Study of Luke 18:15-17
In yesterday’s passage, Jesus told the people that those who cause others to sin would be better off drowned due to the consequences. In this passage in Luke 18, we find Jesus telling the disciples not to reject or push away the children because the Kingdom belongs to people who are them.
- Why were the people bringing their babies to Jesus? Why did they want Him to touch them?
- Why do the disciples try to push the children away from God?
- What does it mean to ‘accept the Kingdom of God as a child’?
- In what way/s are children examples of how we should be? What traits is Jesus suggesting we lack?
- What is the lesson in this passage for us today?
I am going to make a confession. I was a boring child. Out of all my siblings and friends I was the boring one because I was a rule keeper. Even now as an adult, I love rules and lists and being organised. The Pharisee in this passage seems to be the same. He didn’t steal, cheat or commit adultery, he prayed, fasted and gave one tenth of his earnings as required. Outwardly, he seemed like the perfect person.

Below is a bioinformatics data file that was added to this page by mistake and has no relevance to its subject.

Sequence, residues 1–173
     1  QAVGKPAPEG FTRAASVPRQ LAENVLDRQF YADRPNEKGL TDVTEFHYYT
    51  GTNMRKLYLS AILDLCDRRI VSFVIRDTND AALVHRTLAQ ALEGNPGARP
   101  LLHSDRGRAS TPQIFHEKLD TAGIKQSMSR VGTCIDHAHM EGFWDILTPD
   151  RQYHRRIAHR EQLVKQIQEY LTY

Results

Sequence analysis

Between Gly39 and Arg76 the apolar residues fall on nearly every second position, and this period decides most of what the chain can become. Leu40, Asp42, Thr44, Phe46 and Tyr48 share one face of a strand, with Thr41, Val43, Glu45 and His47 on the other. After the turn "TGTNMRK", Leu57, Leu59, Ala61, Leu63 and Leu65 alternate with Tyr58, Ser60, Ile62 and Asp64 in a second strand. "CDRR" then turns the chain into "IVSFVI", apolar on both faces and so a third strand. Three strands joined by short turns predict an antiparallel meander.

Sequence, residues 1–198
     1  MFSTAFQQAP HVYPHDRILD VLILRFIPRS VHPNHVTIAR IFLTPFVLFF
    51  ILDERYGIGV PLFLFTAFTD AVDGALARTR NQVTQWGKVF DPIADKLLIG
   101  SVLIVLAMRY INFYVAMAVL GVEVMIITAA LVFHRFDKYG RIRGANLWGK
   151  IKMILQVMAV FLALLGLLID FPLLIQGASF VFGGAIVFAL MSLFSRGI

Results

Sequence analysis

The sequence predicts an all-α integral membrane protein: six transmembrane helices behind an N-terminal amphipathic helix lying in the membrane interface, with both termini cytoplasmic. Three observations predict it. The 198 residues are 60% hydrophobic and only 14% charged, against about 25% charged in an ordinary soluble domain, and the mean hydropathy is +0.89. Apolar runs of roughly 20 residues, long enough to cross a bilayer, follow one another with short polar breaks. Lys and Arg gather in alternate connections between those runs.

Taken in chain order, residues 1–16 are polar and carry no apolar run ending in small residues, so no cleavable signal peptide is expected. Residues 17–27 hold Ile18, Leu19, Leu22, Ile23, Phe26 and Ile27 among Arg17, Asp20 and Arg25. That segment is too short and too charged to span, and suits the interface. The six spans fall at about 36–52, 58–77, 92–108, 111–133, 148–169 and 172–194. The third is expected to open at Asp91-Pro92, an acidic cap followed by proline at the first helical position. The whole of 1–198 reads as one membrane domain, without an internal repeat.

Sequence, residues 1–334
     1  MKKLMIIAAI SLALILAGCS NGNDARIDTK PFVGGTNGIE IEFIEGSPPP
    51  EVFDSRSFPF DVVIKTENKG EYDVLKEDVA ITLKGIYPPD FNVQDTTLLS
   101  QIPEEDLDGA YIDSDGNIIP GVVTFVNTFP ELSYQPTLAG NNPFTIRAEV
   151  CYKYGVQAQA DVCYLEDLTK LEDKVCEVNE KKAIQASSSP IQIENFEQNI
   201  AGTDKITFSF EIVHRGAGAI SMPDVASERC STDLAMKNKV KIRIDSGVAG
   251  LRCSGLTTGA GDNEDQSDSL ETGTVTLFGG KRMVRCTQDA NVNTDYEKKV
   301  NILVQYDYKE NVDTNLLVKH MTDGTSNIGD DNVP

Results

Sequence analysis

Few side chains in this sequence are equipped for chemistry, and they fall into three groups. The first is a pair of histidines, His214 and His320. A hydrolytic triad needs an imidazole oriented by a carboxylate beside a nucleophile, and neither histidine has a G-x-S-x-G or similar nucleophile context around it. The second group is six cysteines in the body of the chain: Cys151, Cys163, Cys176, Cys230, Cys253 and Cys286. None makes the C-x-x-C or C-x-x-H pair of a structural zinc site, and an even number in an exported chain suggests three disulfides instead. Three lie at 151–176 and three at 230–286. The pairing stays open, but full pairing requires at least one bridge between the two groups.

Then we have the tax collector. Known to cheat and lie to people, he recognised his faults and sins and asked God to have mercy on him. When they went home, the Pharisee was kept doing the right thing, but didn’t get right with God, but the tax collector opened up to God about his faults and wrong doings and he was right with God – rightfully righteous.
It can be so easy to get carried away doing the right things and looking like the perfect Christian from the outside. But we cannot be rightfully righteous without accepting our faults and opening up to God, asking for His grace and mercy, just like the tax collector.
No one else can judge this because they can’t see what is going on inside. That is down to you to work out with God, and ask for someone to help you work through it if you need or want to open up and get someone else involved.